Consequently, upon recognizing that an individual’s constraints of convention were built around a lie, they will come to reject these expectations placed upon them, realizing what they truly desire and finding their own identity. Instead of becoming a carpenter with the skills he already has and creating physical walls, Willy is deluded by the false promise of the American Dream and creates emotional barriers around Biff in an attempt to control him and make his son pursue the same dream. Biff’s confrontation of Willy is an iconic moment as he is breaking down the walls that Willy has spent so long building up. He realizes that Willy is ‘not gonna see’ him for who he is, so he has given up trying, but his father keeps instigating him through insults, which pushes Biff to his breaking point. Biff’s attempt to reject these constraints, that Willy placed on him, is because of the fact that Willy’s dream is a broken promise, seen through how they ‘never told the truth for 10 minutes in this [Willy’s] house’(Miller 131). He is so fed up with his father’s false ideals, and all he wants is for his father to take his phony dream and burn it, which reveals his attempt at being free from the unrealistic expectations Willy had of him. A parallel can be made in how the fountain pen made Biff aware of his reality; in the same way, Willy was confronted with his reality when Biff slammed the rubber hose on the table and called him a ‘phony’. Although confronting his father was a critical point in Biff’s journey of maturity, it is only when Willy dies that the Loman family is free from the falseness of Willy’s ideals. The ending is significant for Biff in that by rejecting and liberating himself from these constraints, he has discovered his identity, evident in when he tells Happy, ‘I know who I am, kid’ (Miller 138). This is the point where Biff has matured and realized how necessary it was to reject the constraints of his father, as now he can finally go out and pursue his personal desires – desires which reflect his true identity. Furthermore, the flute is played once again near the end of the novel, emphasizing how Willy’s pursuit of the conventional American Dream was only ever a failed pursuit. The American Dream led to Willy’s self-delusion and his demise, and Biff refused to have these unrealistic expectations continue to act as a burden on him. Individuals will eventually gain the conviction to reject the constraints of convention and be capable of pursuing more realistic desires, which allows for them to finally discover their identity.


As individuals are oppressed by the constraints of the people they are surrounded with, they will fool themselves into thinking that these false ideals are a possibility. However, as individuals realize the false promise of these unrealistic expectations, they will reject these constraints and, ultimately, discover the true nature of their identity. Expectations act as constraints on one’s life and make it impossible to pursue one’s own desires. People will blindly pursue their broken dreams and when they don’t find success will pass this burden on to others in the form of expectations. These broken promises and unrealistic expectations of the American Dream are tempting, but they will drown an individual in their illusions and make them pursue a dream which cannot be attained, making them lose sight of who they really are.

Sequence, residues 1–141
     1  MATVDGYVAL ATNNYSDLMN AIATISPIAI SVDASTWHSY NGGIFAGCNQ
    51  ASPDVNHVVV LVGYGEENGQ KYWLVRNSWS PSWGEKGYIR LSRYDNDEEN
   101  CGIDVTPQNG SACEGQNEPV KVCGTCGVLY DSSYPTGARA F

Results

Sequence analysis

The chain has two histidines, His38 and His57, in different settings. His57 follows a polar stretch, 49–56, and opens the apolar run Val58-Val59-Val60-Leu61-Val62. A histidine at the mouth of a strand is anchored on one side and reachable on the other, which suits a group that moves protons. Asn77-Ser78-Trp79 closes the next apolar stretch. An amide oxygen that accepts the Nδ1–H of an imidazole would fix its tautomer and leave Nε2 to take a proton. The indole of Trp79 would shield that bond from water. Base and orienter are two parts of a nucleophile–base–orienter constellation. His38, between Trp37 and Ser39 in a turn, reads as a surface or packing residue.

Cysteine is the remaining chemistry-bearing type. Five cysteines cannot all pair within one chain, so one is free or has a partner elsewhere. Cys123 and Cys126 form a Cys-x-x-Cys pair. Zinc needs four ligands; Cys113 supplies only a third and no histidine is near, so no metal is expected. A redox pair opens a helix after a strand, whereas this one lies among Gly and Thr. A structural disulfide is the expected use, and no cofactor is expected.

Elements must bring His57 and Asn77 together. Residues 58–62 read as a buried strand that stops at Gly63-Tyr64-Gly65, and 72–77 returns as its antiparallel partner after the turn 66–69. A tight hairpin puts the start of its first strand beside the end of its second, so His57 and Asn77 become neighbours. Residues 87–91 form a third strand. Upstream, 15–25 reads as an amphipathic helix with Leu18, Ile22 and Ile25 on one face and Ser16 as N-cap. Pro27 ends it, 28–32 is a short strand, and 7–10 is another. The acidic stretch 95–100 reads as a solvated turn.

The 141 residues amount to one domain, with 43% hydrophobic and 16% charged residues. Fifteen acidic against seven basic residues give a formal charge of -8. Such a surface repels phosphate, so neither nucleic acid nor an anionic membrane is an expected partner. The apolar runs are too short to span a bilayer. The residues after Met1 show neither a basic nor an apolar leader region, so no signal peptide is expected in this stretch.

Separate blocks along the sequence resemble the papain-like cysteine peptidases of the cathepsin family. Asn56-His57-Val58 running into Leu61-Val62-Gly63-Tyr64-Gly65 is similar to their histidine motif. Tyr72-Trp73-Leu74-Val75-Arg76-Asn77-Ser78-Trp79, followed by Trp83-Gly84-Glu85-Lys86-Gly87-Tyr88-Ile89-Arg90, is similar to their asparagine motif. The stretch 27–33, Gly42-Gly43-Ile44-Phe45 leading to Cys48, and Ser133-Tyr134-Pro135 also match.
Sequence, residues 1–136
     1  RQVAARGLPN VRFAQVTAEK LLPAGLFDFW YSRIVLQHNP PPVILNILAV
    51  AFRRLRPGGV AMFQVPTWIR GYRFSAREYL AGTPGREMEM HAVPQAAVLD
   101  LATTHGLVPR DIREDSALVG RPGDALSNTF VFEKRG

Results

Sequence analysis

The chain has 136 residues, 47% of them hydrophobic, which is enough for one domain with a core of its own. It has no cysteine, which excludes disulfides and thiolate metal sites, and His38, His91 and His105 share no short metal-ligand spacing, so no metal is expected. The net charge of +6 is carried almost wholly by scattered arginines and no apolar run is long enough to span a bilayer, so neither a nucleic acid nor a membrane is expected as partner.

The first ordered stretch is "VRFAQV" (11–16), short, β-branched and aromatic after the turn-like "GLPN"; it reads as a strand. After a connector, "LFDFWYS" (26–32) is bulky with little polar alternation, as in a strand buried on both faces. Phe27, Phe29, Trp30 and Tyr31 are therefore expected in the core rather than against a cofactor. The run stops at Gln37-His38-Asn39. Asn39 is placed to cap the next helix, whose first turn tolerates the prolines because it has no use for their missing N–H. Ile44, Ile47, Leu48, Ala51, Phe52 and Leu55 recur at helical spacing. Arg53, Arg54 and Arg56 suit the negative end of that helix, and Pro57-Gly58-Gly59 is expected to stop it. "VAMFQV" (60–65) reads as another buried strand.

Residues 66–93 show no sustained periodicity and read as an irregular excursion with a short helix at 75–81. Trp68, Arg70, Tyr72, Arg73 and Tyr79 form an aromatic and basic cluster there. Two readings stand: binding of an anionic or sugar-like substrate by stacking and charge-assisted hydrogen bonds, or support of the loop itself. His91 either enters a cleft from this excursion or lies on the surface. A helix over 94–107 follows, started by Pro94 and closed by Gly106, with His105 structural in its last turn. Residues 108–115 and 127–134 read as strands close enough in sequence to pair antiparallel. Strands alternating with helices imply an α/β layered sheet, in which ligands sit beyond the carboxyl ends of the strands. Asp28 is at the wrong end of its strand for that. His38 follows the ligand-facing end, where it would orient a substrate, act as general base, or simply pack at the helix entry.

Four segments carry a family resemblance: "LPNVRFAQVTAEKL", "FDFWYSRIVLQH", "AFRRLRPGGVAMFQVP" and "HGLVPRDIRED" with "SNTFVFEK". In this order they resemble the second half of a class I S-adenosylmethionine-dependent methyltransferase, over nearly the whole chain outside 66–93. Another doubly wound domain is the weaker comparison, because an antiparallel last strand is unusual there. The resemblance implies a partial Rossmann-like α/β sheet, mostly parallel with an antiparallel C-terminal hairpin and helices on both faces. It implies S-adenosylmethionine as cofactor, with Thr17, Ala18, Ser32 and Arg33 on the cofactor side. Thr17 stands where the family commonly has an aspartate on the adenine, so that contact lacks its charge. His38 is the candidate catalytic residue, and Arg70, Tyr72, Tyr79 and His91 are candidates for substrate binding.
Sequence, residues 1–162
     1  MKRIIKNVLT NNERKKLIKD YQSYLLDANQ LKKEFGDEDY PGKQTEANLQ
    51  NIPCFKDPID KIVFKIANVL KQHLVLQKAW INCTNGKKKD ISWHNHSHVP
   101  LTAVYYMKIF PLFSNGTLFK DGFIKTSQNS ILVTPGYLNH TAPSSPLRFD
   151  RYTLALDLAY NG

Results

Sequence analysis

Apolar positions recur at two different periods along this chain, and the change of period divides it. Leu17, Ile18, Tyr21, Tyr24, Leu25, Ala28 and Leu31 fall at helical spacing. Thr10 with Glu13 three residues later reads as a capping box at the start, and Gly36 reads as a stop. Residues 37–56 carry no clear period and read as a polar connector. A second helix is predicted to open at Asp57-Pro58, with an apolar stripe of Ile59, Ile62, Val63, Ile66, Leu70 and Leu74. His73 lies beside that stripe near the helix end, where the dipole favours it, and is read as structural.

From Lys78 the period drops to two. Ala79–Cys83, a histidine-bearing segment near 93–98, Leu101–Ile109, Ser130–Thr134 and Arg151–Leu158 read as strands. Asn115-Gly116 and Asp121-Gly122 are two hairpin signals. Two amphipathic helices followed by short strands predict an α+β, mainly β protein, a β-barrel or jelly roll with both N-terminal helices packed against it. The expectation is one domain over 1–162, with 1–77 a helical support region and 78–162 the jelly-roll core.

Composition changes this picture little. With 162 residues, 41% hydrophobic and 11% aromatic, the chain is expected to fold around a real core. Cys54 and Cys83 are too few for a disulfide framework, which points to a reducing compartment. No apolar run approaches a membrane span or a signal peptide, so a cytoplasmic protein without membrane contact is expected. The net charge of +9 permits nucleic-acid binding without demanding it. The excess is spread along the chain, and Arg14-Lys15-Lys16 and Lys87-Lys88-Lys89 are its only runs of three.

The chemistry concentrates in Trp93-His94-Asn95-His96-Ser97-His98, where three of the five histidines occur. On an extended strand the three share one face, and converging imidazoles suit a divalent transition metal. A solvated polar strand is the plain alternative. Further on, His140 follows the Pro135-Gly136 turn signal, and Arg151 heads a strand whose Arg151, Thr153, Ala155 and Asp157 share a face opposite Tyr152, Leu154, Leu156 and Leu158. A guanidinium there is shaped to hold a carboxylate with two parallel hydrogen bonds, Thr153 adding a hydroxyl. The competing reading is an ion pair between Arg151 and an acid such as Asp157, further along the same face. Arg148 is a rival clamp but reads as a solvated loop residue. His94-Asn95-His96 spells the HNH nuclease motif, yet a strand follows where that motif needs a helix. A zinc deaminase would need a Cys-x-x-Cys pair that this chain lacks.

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One thought on “A Wrong Dream: Polished Critical

  1. Dear Abhay,
    Thanks to you and this essay, I felt prepared to go into the critical exam this past Monday. My first character choice from the Death of a Salesman has always been Willy, but I enjoyed how you chose Biff instead, using his father to symbolize the convention and circumstance. I also appreciated how your thesis was a vague initially, then, and finally, and how its structure mirrored that of everything else. The purposeful rhetoric of “34-year old ‘boy'” reinforces the lack of clarity in Willy’s mind without you ever directly mentioning it. This showed me how important it is to take every word for its weight, and place to have the greatest effect on the argument.
    My favorite line, however, was, “the flute is played once again near the end of the novel, emphasizing how Willy’s pursuit of the conventional American Dream was only ever a failed pursuit” because it tied everything together full circle. You initially mentioned it in the phrasing of “clinging and constraining dreams” and used it as a “thread” to weave the argument to the end.
    I noticed that in the final body paragraph, there was only one sentence of matter at the end. Maybe you want to expand that?
    All in all Abhay, I continue to believe that my awakening in AP was because of you. You were always patient with my constant, irritating questions, and answered all of them with such intelligence and grace. I emulated you day-in and day-out, read every single one of your blogs and picked apart everything that you had to say in class. Ms. Hunnisett always says that you are the best student she has ever had, and I am honored that I got to learn from the best example out there. I thank you from the bottom of my heart.
    Please keep your friendly openness, and you will continue to inspire everyone who you meet.
    I wish you luck in everything you do,